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A Community-based Approach to Cardiovascular Risk Reduction in Northern New Mexico

Ingrid Lindquist, Joshua Brown MD, Christopher Bunn DO

Introduction and background

Hypertension is the most common modifiable risk factor of premature cardiovascular disease and events. One in three American adults have hypertension and about half of those with a formal diagnosis do not have it controlled. A major challenge in reducing the prevalence of hypertension is that it is a chronic, progressive and asymptomatic condition. While hypertension is a serious medical condition, there are well-defined and effective ways to monitor and control it with medical and lifestyle interventions. Therefore, improving early detection efforts and access to and use of medical care has the potential to considerably reduce the rate of hypertension and its consequences.

According to state cause-of-death records, New Mexicans under the age of 75 have increased mortality due to hypertension relative to national rates, most notably in Hispanic and Native American men. We hypothesize that limited access to primary care is a significant factor leading to this and other health disparities in the state.

Current estimates of hypertension and cardiovascular disease burden in northern New Mexico are limited to data collected from national surveys like the Behavioral Risk Factor Surveillance System, hospital records and state death records. These epidemiological estimates have been found to underestimate disease burden in communities, particularly those with significant minority populations. Thus, improved community-specific disease burden assessments are necessary to accurately determine risk and can profoundly impact the resources allocated to at-risk communities.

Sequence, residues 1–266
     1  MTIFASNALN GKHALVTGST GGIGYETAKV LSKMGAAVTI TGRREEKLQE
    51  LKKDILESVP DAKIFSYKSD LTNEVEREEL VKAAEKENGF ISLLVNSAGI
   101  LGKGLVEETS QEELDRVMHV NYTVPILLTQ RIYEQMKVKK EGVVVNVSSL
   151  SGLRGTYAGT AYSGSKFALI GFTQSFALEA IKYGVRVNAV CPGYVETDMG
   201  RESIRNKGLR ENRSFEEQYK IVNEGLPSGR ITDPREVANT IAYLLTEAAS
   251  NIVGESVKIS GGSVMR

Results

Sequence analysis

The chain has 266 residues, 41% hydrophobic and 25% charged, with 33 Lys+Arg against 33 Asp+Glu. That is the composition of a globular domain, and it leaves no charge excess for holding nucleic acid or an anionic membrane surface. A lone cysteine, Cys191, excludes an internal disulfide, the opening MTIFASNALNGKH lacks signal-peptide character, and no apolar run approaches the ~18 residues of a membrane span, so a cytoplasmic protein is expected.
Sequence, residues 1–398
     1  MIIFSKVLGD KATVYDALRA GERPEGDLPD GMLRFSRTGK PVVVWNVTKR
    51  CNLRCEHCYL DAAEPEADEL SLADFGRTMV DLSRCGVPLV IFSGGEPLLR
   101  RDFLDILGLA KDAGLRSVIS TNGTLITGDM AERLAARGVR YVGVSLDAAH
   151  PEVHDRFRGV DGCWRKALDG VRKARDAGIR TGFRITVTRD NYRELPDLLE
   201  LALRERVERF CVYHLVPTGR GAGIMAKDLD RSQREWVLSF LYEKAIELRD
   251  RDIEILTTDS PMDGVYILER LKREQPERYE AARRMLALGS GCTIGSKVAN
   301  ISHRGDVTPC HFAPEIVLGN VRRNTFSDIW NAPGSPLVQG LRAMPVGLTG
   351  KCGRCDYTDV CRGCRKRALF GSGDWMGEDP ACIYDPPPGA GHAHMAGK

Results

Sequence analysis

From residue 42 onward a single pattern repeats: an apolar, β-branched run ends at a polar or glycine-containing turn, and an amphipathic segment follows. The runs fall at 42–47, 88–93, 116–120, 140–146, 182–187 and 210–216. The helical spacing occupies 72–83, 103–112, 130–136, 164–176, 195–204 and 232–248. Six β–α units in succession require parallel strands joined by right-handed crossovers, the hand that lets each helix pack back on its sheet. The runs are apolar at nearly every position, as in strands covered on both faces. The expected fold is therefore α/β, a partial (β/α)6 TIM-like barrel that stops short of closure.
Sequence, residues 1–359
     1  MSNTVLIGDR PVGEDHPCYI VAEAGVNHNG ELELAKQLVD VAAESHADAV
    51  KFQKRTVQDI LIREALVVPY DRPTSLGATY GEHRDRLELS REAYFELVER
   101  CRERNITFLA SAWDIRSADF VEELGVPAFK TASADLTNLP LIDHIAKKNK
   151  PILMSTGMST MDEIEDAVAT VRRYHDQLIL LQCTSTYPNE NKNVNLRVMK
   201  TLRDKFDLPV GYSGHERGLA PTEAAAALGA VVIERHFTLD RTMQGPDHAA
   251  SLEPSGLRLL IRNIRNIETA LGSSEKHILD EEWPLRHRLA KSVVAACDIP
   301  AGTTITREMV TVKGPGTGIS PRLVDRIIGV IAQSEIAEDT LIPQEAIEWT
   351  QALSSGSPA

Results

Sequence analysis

Community blood pressure screening has been utilized as a public health strategy for decades. Recent studies on this method of intervention found that public screening coupled with direct medical referral is most effective in improving blood pressure control. In order to facilitate a reduction in cardiovascular risk, a clear route to medical follow-up is vital.

We present our efforts in a community blood pressure screening, education and medical referral program called Impact Heart Health (IHH), a collaborative quality improvement (QI) community health project with the non-profit Impact Health New Mexico in Santa Fe, NM.

Methods and Results

To date we have screened 380 individuals for high blood pressure at 28 community events primarily in Santa Fe, providing individuals with heart health education and medical referral. In addition to direct services to community members, we evaluate the rates of hypertension in the community as well as risk factors of smoking history and access to primary care. Up-to-date results will be presented at the ACP conference.

Conclusions

We present the structure of our ongoing community program as a successful model of community engagement and community-based participatory research in northern New Mexico that includes disease screening, health education, medical referral and assessment of risk factor burden.

Back to March 2017 Issue of IMpact